The town and harbour of Castelsardo is found on the north-west coast of Sardinia, and to the north of Sassari, on a rocky promontory overlooking the northern coast of Sardinia and a small port.
Near the coast and beach the village retains its ancient medieval layout with the ramparts that still surround the oldest part of Castelsardo, known as Pianedda this is an ancient fishing village.
The stronghold that stands on top of the hill is reached by climbing up towards the ancient walls and along the alleys and narrow steps until you reach the ancient village of "Anglona", located around the Doria castle which was built at the highest point of the rocky hillside.
Among the fortified points on the ramparts, on the north side is the “Manganello Bastions", to the east are the “Bellavista Bastions” and those to the south-east are called the “Loggetta”.
There was originally also access from the sea, called Lu Grannaddu* from where a steep stairway between the walls allowed the climb towards the city.
* In the 15th century this was called "Mandracho del socorro” (in Spanish), because it enabled supplies from Genoa to be brought to the village during sieges.
Today the castle is the seat of the Museo dell’Intreccio (Museum of Interlacement). The art of 'interlacing' is very ancient in Sardinia and was probably linked to the need to use flat and flexible vegetable material to build vessels.
The Museum is housed in the halls of the medieval fortifications of Doria castle and displays manufactured articles of different shapes. Each room has its own theme, which ranges from the bakery to agricultural activities, from home life to fishing and touching every moment of life, including tableware and articles with a magical or religious function.
The fortifications are the most significant historical remains of the town, but there are also some important religious buildings.
Among these is the Parish Church of San Antonio Abate. This church is famous because it contains four paintings that are part of a polyptych by an unknown Master, called the "Master of Castelsardo", who worked in the city between the late 15th and early 16th century, and by whom we can see a "Madonna and Child". According to experts, the paintings are the work of an artist of Spanish origin.
The Piazza Santa Maria is bounded to the south by embankments and to the north by the former Monastery of San Martino which is annexed to the Church of Santa Maria delle Grazie.
The church has been the subject of a recent restoration, and does not present a real façade onto the square but rather a series of extensive limestone arches.
Inside it is clear that the church has suffered several transformations over the centuries (its irregular geometry can also be explained by the nature of the terrain).
In one of the chapels of the Church there is a 14th century crucifix known by the inhabitants of Castelsardo as 'Lu Cristu Nieddu'.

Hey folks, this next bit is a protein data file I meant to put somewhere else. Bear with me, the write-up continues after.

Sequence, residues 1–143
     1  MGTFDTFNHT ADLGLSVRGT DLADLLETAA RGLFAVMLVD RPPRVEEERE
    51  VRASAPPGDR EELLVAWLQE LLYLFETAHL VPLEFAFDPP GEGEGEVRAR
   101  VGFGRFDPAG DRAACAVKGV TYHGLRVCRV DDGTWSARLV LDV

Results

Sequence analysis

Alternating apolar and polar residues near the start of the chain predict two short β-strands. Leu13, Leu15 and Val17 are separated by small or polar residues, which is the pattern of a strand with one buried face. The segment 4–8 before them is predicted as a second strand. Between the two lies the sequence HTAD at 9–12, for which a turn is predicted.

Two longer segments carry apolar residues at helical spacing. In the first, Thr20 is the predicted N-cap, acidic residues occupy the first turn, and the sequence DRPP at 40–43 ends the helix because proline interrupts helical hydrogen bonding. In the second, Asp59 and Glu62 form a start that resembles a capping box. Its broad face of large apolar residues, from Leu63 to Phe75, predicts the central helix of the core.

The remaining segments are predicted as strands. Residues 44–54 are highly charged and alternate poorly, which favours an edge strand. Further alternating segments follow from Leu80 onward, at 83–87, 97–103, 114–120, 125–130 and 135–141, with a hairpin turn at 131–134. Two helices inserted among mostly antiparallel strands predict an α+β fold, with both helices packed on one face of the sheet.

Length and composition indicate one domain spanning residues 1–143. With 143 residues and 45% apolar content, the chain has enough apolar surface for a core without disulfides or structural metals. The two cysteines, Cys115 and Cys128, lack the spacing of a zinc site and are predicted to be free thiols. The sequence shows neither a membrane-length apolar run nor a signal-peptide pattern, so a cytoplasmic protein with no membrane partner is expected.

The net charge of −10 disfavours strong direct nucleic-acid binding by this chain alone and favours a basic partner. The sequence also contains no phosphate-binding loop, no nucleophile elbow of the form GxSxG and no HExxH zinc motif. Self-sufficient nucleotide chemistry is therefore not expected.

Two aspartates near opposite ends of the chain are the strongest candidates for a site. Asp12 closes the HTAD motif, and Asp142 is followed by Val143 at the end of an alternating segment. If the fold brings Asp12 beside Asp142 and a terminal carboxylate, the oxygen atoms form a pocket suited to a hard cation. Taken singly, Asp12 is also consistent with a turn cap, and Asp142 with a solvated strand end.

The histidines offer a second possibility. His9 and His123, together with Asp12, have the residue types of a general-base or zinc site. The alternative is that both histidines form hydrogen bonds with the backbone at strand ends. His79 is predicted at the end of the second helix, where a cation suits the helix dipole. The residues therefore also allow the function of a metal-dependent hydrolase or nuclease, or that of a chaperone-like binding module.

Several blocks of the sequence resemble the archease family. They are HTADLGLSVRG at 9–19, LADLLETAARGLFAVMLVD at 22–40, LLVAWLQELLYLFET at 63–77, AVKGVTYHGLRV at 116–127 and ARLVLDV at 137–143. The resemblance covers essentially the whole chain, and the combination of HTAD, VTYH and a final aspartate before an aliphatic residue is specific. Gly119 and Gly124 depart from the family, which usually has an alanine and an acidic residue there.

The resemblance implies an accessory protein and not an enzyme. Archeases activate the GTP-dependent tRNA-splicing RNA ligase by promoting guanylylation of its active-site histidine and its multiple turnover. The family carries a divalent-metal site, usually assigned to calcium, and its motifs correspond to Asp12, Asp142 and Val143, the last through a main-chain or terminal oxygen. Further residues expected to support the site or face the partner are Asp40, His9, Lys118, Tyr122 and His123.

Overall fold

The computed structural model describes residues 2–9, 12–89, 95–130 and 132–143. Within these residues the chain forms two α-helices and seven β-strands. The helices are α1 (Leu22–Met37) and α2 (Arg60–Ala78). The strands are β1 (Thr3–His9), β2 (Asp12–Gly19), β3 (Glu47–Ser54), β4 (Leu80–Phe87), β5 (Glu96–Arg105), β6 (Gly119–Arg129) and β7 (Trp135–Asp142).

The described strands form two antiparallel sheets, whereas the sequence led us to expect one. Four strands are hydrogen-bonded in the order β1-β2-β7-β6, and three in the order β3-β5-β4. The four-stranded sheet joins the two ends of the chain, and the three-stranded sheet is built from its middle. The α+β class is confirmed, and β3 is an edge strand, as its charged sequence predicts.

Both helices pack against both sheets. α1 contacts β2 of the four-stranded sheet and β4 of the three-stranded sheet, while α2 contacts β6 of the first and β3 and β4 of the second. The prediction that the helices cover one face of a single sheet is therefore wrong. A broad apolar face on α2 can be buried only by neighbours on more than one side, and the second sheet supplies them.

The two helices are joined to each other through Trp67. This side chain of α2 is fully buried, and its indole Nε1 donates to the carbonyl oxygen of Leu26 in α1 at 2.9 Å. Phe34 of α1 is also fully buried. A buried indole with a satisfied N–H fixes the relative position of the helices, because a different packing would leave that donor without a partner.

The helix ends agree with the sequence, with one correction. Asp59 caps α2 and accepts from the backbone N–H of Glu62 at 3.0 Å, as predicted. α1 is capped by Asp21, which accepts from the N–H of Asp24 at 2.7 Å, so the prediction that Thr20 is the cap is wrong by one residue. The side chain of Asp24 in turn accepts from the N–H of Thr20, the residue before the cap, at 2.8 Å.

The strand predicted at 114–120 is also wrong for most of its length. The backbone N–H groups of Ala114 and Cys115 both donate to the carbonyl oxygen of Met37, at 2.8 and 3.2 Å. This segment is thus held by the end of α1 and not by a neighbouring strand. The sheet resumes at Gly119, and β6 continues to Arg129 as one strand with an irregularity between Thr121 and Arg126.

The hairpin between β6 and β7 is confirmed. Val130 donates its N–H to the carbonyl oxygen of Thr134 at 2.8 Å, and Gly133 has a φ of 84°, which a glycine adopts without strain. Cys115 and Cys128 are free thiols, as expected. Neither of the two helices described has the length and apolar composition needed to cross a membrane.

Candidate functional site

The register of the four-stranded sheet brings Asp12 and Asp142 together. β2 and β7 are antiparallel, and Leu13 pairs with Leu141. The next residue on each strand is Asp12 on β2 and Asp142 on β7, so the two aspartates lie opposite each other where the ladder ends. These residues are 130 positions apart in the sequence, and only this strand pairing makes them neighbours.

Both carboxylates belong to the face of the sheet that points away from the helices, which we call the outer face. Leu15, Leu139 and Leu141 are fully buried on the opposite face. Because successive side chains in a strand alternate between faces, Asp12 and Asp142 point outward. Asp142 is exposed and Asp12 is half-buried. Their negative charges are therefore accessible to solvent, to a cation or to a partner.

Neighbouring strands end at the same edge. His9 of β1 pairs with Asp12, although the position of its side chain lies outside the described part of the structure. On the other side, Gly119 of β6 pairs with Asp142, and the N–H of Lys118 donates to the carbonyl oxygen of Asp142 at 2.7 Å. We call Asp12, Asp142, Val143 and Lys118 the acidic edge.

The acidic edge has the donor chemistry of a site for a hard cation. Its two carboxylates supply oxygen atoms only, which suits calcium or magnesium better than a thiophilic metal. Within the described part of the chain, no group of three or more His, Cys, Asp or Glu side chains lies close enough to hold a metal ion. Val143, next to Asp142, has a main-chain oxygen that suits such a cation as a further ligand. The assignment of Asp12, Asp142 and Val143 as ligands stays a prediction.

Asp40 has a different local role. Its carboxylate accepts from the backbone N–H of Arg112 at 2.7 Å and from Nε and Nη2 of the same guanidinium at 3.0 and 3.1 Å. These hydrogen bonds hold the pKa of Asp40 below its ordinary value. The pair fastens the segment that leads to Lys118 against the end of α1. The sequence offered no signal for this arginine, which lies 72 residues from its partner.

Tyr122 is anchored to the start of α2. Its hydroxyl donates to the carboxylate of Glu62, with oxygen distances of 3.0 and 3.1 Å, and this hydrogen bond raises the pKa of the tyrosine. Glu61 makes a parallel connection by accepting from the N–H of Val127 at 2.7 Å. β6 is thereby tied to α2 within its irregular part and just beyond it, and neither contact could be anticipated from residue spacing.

The Church of Santa Maria was a holy place where one of the most important acts of civic life was once carried out - the swearing in of new magistrates when they were elected to rule the municipality.
Today the Church is the seat of various confraternities and also the place from which the "Lunnisanti" ('All Saints') procession, which is celebrated on the Monday before Easter, starts and ends.
The territory around Castelsardo has some very important remains from different historical epochs, and also some natural phenomena.
Among these, wind erosion has created some curious forms such as the "rock of the elephant", a large reddish boulder that, due to erosion by the weather, now has a shape that looks like an elephant. At the base of its right side there are some "domus de janas", the artificial caves carved by the Sardinian in the Neolithic period (6000-3000 BC). Inside the caves a symbol representing the taurine horns can be seen.
Another interesting “Nuraghe” (ancient Sardinian monument) is the so-called "Paddaggiu", which is perfectly preserved and along the road to Valledoria. Along the road towards Sedini there are some remains from the Roman period.
The region is also characterized by its rich volcanic coastlines. A few kilometers from Castelsardo there are hyper-thermal waters (temperature above 40° c) with salt-bromine-iodic waters which are used for baths and mud for the treatment of arthritis and neuralgias.
Finally, in a valley a few kilometres inland from Castelsardo and the sea you can see the Church of Tergu, built at the beginning of the 11th century. Until the late-medieval period this was the most important Benedictine Abbey on Sardinia.
In between exploring the cliffs and the sandy beaches, or perhaps after a walk in the pine forest surrounded by sand dunes of the estuary of the River Coghinas, there are plenty of opportunities to enjoy the local cuisine.
Specialities in Castelsardo include 'Castellanese lobster' and 'sea bass vernaccia’, also fish soup, and a variety of fresh salads and squid dishes. The typical Sardinian cuisine is best represented by ‘Castellanese gnocchi', by the 'Currigioni' with sauce, or Ricotta ravioli. Typical sweets include the famous "Seadas" honey, to be enjoyed perhaps while sipping the Cannonau, Fermentino and Myrtle wines.
See also history of Castelsardo